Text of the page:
The digital factory: a virtualization of general manufacturing practices

December 6, 2016 - 5 minutes read
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Over the last few hundred years or so, there has been a tremendous amount of innovation in manufacturing techniques. From the introduction of Henry Ford’s T-model assembly line, to the application of mass production techniques, to the era of computers and robotic analytics, mankind has experienced an unprecedented growth in its ability to incorporate advanced manufacturing techniques into its production capabilities.

So what’s the next big leap then?

We are currently in an era largely defined as “Industry 4.0,” one that can be characterized by the use of computers, automation, and robotic techniques in highly innovative, digital factories[1]. While digital factories and their technology have been in existence for a few decades, the scalability of their application has only recently begun to show. This is largely due to a general desire of manufacturing leaders to lower their costs and leverage an asset of tremendous value: large databases of stored information that their production facilities have accumulated over time. This data can be applied in a multitude of ways, from supply chain management to demand forecasting to inventory reduction. Therefore, information transparency can be seen as a central component to the digital factory.

With the proper data infrastructure and systems set in place, digital factories can thrive off the advanced analytics produced as a result of daily operations. Workplaces as a result of the digitalization of assets will become safer and more efficient, eventually leading to a reduction in human error[2]. Simple applications of technologies such as RFID barcoding scanning, along with the interconnectivity that and inventory tracking systems, will allow manufacturers to better manage inventory, supply chain processes, and general operations. This general theme of interconnectivity between machines and humans is one of the critical components of Industry 4.0.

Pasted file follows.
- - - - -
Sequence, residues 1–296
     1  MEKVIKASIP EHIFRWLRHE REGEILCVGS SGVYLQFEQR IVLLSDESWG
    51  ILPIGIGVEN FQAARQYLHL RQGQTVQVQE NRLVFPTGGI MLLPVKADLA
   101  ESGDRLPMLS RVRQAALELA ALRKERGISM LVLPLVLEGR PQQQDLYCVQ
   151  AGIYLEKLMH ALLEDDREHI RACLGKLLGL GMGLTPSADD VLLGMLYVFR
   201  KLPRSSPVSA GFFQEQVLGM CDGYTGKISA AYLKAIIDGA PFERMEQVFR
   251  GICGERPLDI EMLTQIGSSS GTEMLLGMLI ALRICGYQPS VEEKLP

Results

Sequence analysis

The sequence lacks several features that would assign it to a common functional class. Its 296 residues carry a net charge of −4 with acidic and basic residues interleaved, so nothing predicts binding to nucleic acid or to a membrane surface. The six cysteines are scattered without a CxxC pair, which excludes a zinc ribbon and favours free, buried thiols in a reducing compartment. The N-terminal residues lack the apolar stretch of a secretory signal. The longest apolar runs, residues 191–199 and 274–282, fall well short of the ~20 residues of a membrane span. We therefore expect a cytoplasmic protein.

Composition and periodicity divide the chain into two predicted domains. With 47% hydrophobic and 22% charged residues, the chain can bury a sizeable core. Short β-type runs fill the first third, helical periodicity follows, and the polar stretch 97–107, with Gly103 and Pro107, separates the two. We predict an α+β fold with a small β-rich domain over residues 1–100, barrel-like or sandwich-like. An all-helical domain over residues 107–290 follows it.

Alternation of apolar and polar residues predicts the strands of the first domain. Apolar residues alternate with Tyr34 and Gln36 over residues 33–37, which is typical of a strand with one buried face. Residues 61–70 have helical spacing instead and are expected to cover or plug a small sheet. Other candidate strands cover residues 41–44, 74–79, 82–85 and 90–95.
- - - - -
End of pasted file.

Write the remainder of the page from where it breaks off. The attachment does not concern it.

So what about human error? It was mentioned previously that an important result in automation and robotics usage is the reduction of human error. But will machines make it to a point where human error of all types are simply a relic of the past? We think it is far too early to decide, but do recognize that the assistance machines can provide humans on a technical level will bring forth many positives in the future. Technical support systems help humans to forecast demand, problem-solve complex issues, and assist with tasks we simply are not capable of. These additional capabilities make technical support a necessity for digital factories to have.


With these components of the larger model of the digital factory in mind, let’s look at an applicable, real-world example of how Industry 4.0 has improved the processes of clothing manufacturer Zara. Renown fashion retailer Zara is known for its speedy delivery of affordable, trendy clothing to its large customer base worldwide. Through the use of digital factory applications, Zara is able respond to changing consumer preferences faster than ever. Through the use of radio-frequency identification (RFID) for their clothing items, Zara has been able to significantly reduce supply-chain costs without affecting its speedy delivery. The retailer expects to transition into a fully-wireless inventory system by the end of 2016 due to the lowered cost of hardware and software associated with implementing an RFID-based inventory system[3].

Forward Outlook

The use of tracking devices can be utilized as an indicator for manufacturers to inform customers about their WIP orders. Courier services such as FedEx and UPS already use RFID as a way to inform customers about the location of their packages. Similarly, imagine if an airline is able to receive real-time status updates on their new orders of airplane parts directly from the production equipment itself. This would lead to huge savings in time and resources as customers can avoid lengthy interactions with support teams who typically navigate through multiple channels before arriving with a proper estimate of delivery. We foresee a generation of manufacturers who will use virtualization techniques within their daily operations to increase their workplace efficiency and ultimately serve their consumers in an improved manner.

By Adit Babureddy, Consultant Tefen USA




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